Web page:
How does the semantic algebra deal with two holes with the same label?

Another semantic algebra question :slight_smile:

In section 4 of the semantic algebra paper it states the following:

The full inventory of labels for the ERG is: SUBJ, SPR, SPEC, COMP1, COMP2, COMP3, and MOD.

It then specifies that there is an operator for each type of hole (e.g. op_subj) and that the holes of the result of performing the operation is the union of the holes between the semantic functor and the semantic argument, minus the hole with the label matching the operator’s name, because this is what the operator was plugging.

So, for example, for I bake cookies, op_comp1 will plug the COMP1 hole of bake and then the holes list of the result of this composition will just be the SUBJ hole from bake, which op_subj can plug with I.

When implementing, of course, my holes were just labeled as ARG0, ARG1, etc because that’s what the predicates in the ERG have. However, I ran into an issue with this because sometimes both the semantic functor and the semantic argument would have a hole with the same label. I initially thought that this was a symptom of the ERG just having generic names, but @ebender pointed out to me that’s not really the problem.

For example, take the locked box:

  • lock has two holes: ARG1 (the locker), ARG2 (the thing that is locked)
  • box has one hole: ARG1 (box of what?)
  • First, we can use op_ARG2 to plug lock’s ARG2 with box
  • When doing this, the operator will check the holes list, find the hole labeled ARG2, and plug it with the variable in ARG0 of box
  • Then, the new set of holes for this larger SEMENT fragment should be the union of the remaining holes, that is the ARG1 from lock and the ARG1 from box
    … this is where I run into a problem.

If the holes are labeled things like ARG1, ARG2, etc. then there is no way to distinguish them. But even if they have names that specify the role of the arguments, e.g. COMP1, the same thing will happen here because they would both have a COMP1 hole. Perhaps they could be named something like ARG1_lock and ARG1_box, however this then means that op_ARG1 has to know which ARG1 from which predicate it is plugging, which doesn’t feel right.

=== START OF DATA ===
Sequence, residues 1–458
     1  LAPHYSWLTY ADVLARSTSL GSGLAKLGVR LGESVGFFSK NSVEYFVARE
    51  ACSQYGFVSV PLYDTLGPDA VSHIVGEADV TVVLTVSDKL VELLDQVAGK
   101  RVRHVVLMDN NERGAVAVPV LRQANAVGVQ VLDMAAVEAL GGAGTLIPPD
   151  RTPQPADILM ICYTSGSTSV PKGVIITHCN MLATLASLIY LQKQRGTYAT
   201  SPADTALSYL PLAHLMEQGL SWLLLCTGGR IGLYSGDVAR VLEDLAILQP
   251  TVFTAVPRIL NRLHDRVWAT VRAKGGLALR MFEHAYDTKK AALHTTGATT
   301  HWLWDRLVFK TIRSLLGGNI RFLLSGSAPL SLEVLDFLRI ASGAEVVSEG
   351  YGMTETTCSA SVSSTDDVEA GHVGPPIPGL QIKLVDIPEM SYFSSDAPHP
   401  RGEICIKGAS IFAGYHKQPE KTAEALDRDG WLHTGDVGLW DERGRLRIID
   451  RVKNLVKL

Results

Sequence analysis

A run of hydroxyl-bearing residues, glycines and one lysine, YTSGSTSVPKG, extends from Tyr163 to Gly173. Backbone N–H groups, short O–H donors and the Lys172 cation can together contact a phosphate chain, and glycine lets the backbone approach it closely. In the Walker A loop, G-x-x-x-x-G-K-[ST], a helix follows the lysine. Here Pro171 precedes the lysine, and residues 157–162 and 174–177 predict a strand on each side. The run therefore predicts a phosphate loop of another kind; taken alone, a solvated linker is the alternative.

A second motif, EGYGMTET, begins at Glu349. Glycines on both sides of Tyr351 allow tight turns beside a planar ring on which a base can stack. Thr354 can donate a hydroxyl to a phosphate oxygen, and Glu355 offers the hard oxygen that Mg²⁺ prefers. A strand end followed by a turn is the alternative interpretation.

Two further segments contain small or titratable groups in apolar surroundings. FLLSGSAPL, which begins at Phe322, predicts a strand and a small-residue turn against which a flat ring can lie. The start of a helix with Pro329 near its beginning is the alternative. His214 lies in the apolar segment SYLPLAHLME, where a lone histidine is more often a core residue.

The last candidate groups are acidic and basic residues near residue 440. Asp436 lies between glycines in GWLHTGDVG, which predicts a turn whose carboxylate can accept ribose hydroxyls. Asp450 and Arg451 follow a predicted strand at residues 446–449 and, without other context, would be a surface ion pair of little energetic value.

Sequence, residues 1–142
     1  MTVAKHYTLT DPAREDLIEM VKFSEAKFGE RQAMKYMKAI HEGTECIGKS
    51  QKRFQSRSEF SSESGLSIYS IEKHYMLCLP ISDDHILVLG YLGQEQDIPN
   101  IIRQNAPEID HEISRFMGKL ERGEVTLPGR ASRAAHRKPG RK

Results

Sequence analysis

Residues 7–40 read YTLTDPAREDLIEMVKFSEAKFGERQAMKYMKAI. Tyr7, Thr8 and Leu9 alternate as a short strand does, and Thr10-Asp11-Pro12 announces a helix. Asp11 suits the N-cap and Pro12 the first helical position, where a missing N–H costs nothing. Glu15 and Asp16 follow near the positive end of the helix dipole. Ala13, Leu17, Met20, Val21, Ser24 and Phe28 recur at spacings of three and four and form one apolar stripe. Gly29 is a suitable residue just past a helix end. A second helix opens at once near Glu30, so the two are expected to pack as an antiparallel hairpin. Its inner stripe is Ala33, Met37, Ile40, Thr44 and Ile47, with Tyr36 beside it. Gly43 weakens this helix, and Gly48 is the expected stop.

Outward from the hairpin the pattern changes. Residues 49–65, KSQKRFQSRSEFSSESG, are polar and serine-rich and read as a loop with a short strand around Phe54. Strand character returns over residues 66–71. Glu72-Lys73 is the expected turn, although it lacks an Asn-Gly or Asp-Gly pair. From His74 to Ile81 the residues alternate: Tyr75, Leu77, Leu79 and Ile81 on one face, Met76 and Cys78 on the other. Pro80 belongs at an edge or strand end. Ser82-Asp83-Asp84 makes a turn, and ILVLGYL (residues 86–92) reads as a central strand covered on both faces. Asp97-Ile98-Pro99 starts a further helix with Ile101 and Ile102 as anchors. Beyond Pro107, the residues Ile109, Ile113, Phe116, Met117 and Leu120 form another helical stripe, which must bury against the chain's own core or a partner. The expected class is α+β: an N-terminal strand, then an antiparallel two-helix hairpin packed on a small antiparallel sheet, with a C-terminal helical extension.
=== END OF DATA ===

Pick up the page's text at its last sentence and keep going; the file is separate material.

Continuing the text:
What I ended up doing was just assuming that the holes from the semantic argument were “already handled” and only passed up the holes from the functor, but this is clearly not what’s intended in the paper, and it ended up causing me problems in certain niche cases. For example, the ERG treats the prefix un- as a predicate in some cases, so if I wanted to say the un-opened box of cookies, if I plugged the ARG1 hole of un- first with opened (which in my case I had to do, because at that step I didn’t yet know what it is exactly that was unopened) then the holes of opened are lost because it’s serving as the semantic argument and I did not pass those onward, so it became impossible to compose the semantics for something like this.

How is this sort of situation meant to be handled in the algebra?

The algebra is an attempt to formalize the syntax-semantics interface, so the operations in the algabra are intended to correspond to the syntax. That’s why the operators are things like op_subj. I don’t see how one can get the appropriate generalizations by talking about op_arg1 in an HPSG-style grammar. The algebra has to have access to the syntactic operations in the ERG (or other grammar), which is indeed a nuisance to implement.

Turning to your question - I much prefer to use the term “slot” rather than “hole” because it avoids confusion with the notion of putting fragments together when scoping an MRS. So I’ll use “slot” rather than “hole” here. The inventory of slot labels discussed in the paper is SUBJ, COMP1 etc, as you describe. The algebra paper was oversimplifying in a number of respects but, because of the standard assumptions about saturation in the syntax, I don’t think there will actually be many cases where the functor and the argument still have unfilled slots with the same slot label. The main exception that I can think of off the top of my head is where there are optional complements, so one needs a separate operation in the algebra to “discharge” those (as described in the later paper).